Baseball's winter meeting began to perk today. Within the next 24 hours, it may come to a boil.

First, a free agent was signed. Chronic sore-arm reliever Bill Campbell of the Boston Red Sox agreed to a $1.2-million, three-year contract with the Chicago Cubs.

Next, a significant, though hardly earth-shaking trade was made. The Cubs sent Mike Krukow, their best starting pitcher (a dubious distinction), plus a player to be named later, to the Philadelphia Phillies for the modest threesome of promising catcher Keith Moreland (.255) and pitchers Dickie Noles and Dan Larson.

For spice, a flashy, but false, rumor ran head on into reality. Monday, a wire service reported that the New York Yankees would resurrect Gene Michael as manager; today, the uncooperative Yankees announced that Bob Lemon (minus 24 pounds) would return for one final year as manager.

And, finally, a free agent's lawyer issued an eye-catching ultimatum. John Schneider, representing Yankee Ron Guidry, said that New York owner George Steinbrenner had until Thursday to come up with a five-year, $7.5-million contract offer or else find himself eliminated from consideration for Guidry's services.

"We've had solid offers from 13 teams. Ron now has perfectly acceptable alternatives to playing for the Yankees," said Schneider.

Despite all this, every big league executive has his eye on the same watched pot: the potential blockbuster trade between Baltimore and the St. Louis Cardinals in which the Orioles might get both Garry Templeton and Sixto Lezcano for Mike Flanagan or Sammy Stewart, plus another quality player or two, such as Doug DeCinces and Gary Roenicke.

For two long days, Oriole General Manager Hank Peters and his counterpart with the Cardinals, Whitey Herzog, have been chewing over the permutations of this possible trade. "Hank and I both have cauliflower ears," said Herzog. "We've talked and talked," said Peters, "and we'll talk some more."

Until the Orioles and Cardinals either make their trade, or give it up as impossible, this winter meeting will have difficulty coming to a bubble. All-star players such as Dave Parker of Pittsburgh and Roy Smalley of Minnesota definitely are on the trading block. But everybody with a quality player to offer -- from Bob Knepper to Ozzie Smith -- wants to deal that player for the vastly talented but hopelessly-in-the-doghouse Templeton.

"We're all waiting for a short sequence of things to fall in place," said Peters. "Then everything will probably break loose."

At present, the stumbling block to a whole sequence of deals is the Cardinals' disdain for any shortstop in the Baltimore organization. Peters mentions Lenn Sakata or Bobby Bonner as part of a trade and Herzog just laughs; he probably wouldn't want either or both, not even as a throw-in.

"Whitey thinks he needs a quality shortstop in hand before he'll deal Templeton," said Peters, who, along with everyone else, believes that Herzog's first choices would be Ivan DeJesus of the Cubs and Ozzie Smith of San Diego.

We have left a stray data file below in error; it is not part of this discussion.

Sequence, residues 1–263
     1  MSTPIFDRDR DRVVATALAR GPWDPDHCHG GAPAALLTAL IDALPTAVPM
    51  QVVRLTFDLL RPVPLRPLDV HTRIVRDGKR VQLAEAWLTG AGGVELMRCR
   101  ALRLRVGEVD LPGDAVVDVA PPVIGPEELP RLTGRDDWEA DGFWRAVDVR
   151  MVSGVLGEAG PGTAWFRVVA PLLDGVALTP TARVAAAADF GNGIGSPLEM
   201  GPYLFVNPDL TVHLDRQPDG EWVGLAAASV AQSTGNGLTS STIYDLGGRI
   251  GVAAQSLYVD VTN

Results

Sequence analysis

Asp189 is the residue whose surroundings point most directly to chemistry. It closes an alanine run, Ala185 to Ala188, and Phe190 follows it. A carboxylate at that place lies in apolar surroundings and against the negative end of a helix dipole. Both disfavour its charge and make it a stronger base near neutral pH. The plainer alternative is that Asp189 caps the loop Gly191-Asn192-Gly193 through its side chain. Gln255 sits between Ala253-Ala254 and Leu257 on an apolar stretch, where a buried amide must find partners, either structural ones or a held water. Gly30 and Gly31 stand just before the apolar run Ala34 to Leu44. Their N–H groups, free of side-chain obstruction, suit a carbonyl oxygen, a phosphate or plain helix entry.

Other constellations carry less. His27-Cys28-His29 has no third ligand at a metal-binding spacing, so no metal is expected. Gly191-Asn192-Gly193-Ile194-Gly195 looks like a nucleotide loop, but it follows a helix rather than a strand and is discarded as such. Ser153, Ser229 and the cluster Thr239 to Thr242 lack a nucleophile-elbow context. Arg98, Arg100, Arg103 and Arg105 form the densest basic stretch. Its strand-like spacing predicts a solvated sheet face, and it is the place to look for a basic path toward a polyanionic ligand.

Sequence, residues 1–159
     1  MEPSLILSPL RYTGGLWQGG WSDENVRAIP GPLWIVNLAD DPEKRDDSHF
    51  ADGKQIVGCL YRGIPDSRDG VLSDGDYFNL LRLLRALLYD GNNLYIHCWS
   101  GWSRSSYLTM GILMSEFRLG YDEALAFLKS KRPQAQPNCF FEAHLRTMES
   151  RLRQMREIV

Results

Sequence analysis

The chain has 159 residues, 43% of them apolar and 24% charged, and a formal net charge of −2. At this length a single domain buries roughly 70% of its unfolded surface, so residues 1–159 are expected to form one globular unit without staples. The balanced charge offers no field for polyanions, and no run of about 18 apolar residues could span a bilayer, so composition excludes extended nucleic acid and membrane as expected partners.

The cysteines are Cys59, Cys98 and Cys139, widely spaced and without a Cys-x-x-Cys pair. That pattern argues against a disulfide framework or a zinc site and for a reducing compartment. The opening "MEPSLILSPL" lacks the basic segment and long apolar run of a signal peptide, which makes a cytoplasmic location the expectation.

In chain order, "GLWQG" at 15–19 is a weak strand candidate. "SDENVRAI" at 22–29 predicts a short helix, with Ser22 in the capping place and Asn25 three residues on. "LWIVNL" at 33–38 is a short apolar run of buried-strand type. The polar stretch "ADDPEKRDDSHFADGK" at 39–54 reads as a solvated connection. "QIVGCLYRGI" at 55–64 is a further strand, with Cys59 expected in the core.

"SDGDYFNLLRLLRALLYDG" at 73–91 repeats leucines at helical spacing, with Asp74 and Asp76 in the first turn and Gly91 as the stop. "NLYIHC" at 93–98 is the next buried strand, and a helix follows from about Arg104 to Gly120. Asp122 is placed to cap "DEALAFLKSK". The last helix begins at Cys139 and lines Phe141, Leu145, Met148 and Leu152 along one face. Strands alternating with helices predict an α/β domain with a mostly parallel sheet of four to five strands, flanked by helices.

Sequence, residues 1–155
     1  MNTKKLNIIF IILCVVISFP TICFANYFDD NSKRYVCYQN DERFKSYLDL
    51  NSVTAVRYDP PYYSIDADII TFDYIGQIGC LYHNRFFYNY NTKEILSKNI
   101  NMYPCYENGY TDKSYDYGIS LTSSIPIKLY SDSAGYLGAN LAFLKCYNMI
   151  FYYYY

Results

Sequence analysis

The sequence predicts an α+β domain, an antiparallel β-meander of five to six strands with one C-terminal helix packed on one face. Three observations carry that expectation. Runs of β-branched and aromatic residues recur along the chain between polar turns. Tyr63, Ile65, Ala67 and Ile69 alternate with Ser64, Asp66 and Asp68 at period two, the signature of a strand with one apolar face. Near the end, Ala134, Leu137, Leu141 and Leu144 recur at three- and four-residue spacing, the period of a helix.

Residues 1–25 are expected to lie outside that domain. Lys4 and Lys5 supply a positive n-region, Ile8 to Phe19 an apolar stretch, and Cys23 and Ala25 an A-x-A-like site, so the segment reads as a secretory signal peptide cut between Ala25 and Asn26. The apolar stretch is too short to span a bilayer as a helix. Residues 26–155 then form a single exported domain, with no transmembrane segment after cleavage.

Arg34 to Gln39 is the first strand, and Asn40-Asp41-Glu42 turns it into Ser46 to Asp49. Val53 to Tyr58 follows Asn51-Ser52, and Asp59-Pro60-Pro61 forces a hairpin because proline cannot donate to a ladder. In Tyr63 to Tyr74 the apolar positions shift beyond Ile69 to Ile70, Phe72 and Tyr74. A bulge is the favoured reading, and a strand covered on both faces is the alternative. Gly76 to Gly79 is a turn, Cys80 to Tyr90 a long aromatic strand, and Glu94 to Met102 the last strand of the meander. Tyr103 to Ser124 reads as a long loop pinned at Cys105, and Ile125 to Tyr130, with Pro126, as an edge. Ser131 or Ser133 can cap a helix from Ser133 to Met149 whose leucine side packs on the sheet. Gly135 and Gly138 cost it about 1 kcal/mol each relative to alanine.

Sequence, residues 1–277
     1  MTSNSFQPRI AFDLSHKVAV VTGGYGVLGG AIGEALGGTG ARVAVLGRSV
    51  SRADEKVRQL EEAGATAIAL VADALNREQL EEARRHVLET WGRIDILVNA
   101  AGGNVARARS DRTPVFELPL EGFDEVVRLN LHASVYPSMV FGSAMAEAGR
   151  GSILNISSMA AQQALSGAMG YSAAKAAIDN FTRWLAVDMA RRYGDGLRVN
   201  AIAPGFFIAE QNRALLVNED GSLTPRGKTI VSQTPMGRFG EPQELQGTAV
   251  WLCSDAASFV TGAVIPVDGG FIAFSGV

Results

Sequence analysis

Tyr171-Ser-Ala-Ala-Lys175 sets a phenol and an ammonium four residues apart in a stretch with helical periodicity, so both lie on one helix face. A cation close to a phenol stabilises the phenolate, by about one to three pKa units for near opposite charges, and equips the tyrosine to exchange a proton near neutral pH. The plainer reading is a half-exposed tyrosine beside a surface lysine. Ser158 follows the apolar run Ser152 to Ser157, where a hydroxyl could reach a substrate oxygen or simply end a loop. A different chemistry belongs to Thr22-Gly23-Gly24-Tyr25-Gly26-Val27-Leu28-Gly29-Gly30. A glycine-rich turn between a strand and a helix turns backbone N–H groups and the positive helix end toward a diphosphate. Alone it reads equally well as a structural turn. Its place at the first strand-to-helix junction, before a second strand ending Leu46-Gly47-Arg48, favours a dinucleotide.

But Herzog hasn't been able to land that shortstop. The Orioles have offered to work as intermediaries in a three-way deal, trading for a DeJesus or Smith, then, in turn, dealing him for Templeton, but Herzog has declined the offer.

To say that the Orioles covet Templeton would be a gross understatement.

"Temple's range at shortstop is almost beyond description . . . I can't find words for it," says Oriole superscout Jim Russo. "Sometimes he's nonchalant and makes errors, but he also makes an incredible number of plays that are just beyond belief. He's one of the absolute finest talents I've seen in 30 years in baseball."

Of Templeton's reputation as one of baseball's most moody and troublesome players, Russo says, "You can't run away from players with problems if they have this kind of talent . . . This is what we pay managers for. Also, the Baltimore clubhouse has a lot of good people in it who have helped young players in the past."

The Orioles do not want Lezcano nearly as much as they do Templeton, but they still are very high on him, despite his plummet to a .266 average this year.

Baltimore needs players with raw athletic ability who can give it a better balanced team: one with speed at the top of the lineup, a rifle arm in the outfield and defensive range. The Orioles don't want to be just fundamentally sound. They want to be spectacular occasionally, too. And that's what Templeton and Lezcano offer. Both are young, moody and gifted. They cry out for just the sort of teaching and guidance the Orioles can offer.

Traditionally, Baltimore has been a patient team that almost always did the hornswoggling in trades. "We're cautious and only deal from strength, not desperation," Peters reaffirmed today.

Nevertheless, a new factor has been added to the equation: owner Edward Bennett Williams, who has gotten into baseball for the thrill of the hunt. It's in his nature to want action and to enjoy the challenge of a gamble. So far, the Orioles, with typical patience, have only made one transaction, acquiring obscure AA left-hander Carlos Cabassa.

"Well, we won't come away empty-handed," Peters said wryly, with old-Oriole calm.

"I'm thrilled with Cabassa," Williams said, sardonically.

New owners are historically hot to make trades, to get the blood up. Often, they end up bloodied.

Until the trading logjam is broken, if it ever is, these meetings will remain an unlikely combination of tension and boredom. Executives scurry through the corridors, suites, bars, lounges and ballrooms of the gaudy beach-front Diplomat Hotel trying to drum up a trade or corner a free agent's lawyer. It's like an old Marx Brothers comedy, full of goofy characters popping in and out of rooms, pursuing each other hither and thither.

For the moment, everybody here is listening for the same thing: that loud whistle that means a very large pot has just reached its boiling point.